Global Diasporas by Robin Cohen is an excellent introduction to the theory of diasporas, a term which has expanded considerably in recent years from its original use in the Jewish Diaspora to describe all kinds of cultural and ethnic dispersions. Cohen starts by defining common features of global diasporas:
- Dispersal from an original homeland, often traumatically, to two or more foreign regions;
- alternatively or additionally, the expansion from a homeland in search of work, in pursuit of trade or to further colonial ambitions;
- a collective memory and myth about the homeland, including its location, history, suffering and achievements;
- an idealization of the real or imagined ancestral home and a collective commitment to its maintenance, restoration, safety and prosperity, even to its creation;
- the frequent development of a return movement to the homeland that gains collective approbation even if many in the group are satisfied with only a vicarious relationship or intermittent visits to the homeland;
- a strong ethnic group consciousness sustained over a long time and based on a sense of distinctiveness, a common history, the transmission of a common cultural and religious heritage and the belief in a common fate;
- a troubled relationship with host societies, suggesting a lack of acceptance or the possibility that another calamity might befall the group;
- a sense of empathy and co-responsibility with co-ethnic members in other countries of settlement even where home has become more vestigial; and
- the possibility of a distinctive creative, enriching life in host countries with a tolerance for pluralism.
This is quite a comprehensive description, and although of course not every diaspora shares every trait, I think it is a very solid basis for analysing the different types of global diasporas:
- Victim diaspora, e.g. Jews, Africans, Armenians
- Labour diaspora, e.g. indentured Indians
- Imperial diaspora, e.g. British
- Trade diaspora, e.g. Lebanese, Chinese
- Deterritorialised diaspora, e.g. Caribbean peoples, Sindhis, Parsis
Cohen then analyses each type of diaspora in turn, starting with the original Jewish diaspora and showing, very interestingly, that it is not as simple a story as is often assumed. After the destruction of the Temple in 586BC, the key Jewish leaders were taken to Babylon in captivity, and Babylon after that became a codeword for exile and alienation for Jews and subsequently Africans. But Cohen points out that Babylon is where the embryonic Bible took shape, where the Talmud was written, where synagogues were formed. When some Jews began to return to Jerusalem and rebuild the Temple, the main centres of Jewish thought and culture were still in the communities at Alexandria, Antioch, Damascus, Asia Minor and Babylon. When the second Temple was destroyed in AD70, “it was Babylon that remained as the nerve- and brain-centre for Jewish life and thought.”
Cohen’s point is not to minimise Jewish suffering – he describes a lot of the anti-Semitism that Jews had to endure over the centuries in Europe and elsewhere, culminating in the horrors of the Holocaust – but to show that Jewish history, like the history of any people, is complex, a result of mixture and sharing ideas with other cultures. The imagery of the Jewish diaspora was in part shaped by Christians keen to position Jewish exile as a punishment for their part in killing Christ. But the reality is more complex, not a simple tale of victimhood.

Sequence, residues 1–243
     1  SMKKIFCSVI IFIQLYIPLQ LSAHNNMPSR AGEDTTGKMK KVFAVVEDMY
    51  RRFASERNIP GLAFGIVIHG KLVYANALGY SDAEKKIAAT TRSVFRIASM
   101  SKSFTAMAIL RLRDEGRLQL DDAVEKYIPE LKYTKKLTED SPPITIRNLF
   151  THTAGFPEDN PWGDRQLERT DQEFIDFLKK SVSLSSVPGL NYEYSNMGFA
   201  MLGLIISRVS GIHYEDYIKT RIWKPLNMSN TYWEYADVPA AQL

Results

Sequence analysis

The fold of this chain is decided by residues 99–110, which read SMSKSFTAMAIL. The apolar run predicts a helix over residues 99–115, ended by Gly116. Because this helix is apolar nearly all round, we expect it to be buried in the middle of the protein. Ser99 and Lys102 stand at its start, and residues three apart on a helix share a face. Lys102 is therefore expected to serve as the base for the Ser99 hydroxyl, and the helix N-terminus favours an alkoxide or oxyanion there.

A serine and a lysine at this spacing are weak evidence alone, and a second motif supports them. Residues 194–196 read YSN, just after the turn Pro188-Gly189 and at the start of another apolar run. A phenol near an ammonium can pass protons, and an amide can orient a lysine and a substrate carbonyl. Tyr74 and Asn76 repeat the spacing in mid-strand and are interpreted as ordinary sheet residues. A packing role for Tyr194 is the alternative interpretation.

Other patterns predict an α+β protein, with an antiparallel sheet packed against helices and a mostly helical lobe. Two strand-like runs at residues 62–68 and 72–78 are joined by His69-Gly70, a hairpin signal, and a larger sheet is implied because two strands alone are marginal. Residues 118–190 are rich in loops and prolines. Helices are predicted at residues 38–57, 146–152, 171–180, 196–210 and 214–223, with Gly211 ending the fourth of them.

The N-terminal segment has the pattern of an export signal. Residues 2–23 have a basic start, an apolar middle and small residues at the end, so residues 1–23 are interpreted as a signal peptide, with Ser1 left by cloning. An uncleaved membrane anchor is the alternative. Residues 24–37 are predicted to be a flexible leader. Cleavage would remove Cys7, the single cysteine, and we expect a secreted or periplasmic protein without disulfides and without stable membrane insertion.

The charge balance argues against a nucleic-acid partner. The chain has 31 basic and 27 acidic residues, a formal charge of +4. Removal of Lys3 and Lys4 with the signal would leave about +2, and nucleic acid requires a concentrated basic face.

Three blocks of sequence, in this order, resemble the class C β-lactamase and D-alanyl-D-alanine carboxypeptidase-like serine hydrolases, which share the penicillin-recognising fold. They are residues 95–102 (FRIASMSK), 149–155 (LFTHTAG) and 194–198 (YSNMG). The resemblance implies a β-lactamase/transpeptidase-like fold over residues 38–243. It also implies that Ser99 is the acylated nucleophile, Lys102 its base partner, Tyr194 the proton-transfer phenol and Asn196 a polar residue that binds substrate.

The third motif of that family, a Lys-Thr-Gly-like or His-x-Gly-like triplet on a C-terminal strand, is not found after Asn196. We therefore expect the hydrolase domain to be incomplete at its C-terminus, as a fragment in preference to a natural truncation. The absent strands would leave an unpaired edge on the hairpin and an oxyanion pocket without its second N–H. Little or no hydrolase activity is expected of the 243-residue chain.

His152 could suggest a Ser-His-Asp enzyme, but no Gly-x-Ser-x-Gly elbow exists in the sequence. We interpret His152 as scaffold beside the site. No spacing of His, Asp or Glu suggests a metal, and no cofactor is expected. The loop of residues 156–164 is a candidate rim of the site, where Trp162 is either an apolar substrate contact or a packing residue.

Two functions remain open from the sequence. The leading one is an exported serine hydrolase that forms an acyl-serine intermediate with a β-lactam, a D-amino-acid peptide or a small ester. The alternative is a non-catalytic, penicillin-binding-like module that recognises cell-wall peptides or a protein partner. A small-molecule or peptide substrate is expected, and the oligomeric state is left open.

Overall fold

The rest of Global Diasporas follows a similar pattern, as Cohen goes through examples of each type of diaspora, illustrating the characteristics listed above, and also emphasising the complexity that he established in the Jewish case. A common theme is the ambivalent relationship that many diasporic peoples have both to their host country and their homeland. The homeland is often remembered with fondness or longing, and the host country is often seen as intolerant or alienating; but also people may see opportunity in the new country and choose not to return to their homeland even when they are able to do so. The host country, after all, becomes home in a way, and exerts a lot of influence on people even as they retain allegiance to their older, ancestral home.
In the last few chapters, Cohen talks about diasporas in the context of globalisation. In a way, the more simple, nationalistic claims of diasporic groups are becoming increasingly anachronistic in a world where everybody is moving, where national boundaries are becoming less important than they once were. But using Cohen’s more complex analysis, in which diasporas are not isolated victim groups, but cultures formed as much by their contact with host countries as by their attachment to the homeland, it’s easy to see how diasporas fit into a “globalised” world. After all, people who move to another country in search of work rarely lose their attachment to their place of birth. Emigrants worldwide send billions of pounds back to support friends and family at home, and form their own networks in their countries of residence to maintain links with their culture. They also assimilate and absorb some ideas and practices from their hosts. Global Diasporas captured really well for me the fascinating ways in which human cultures are formed, both through historic and contemporary examples. We tend to think in simple, absolute categories of race, ethnicity and religion, but the reality that Cohen describes here is much more adaptive, collaborative, vibrant and, in the end, much more interesting.
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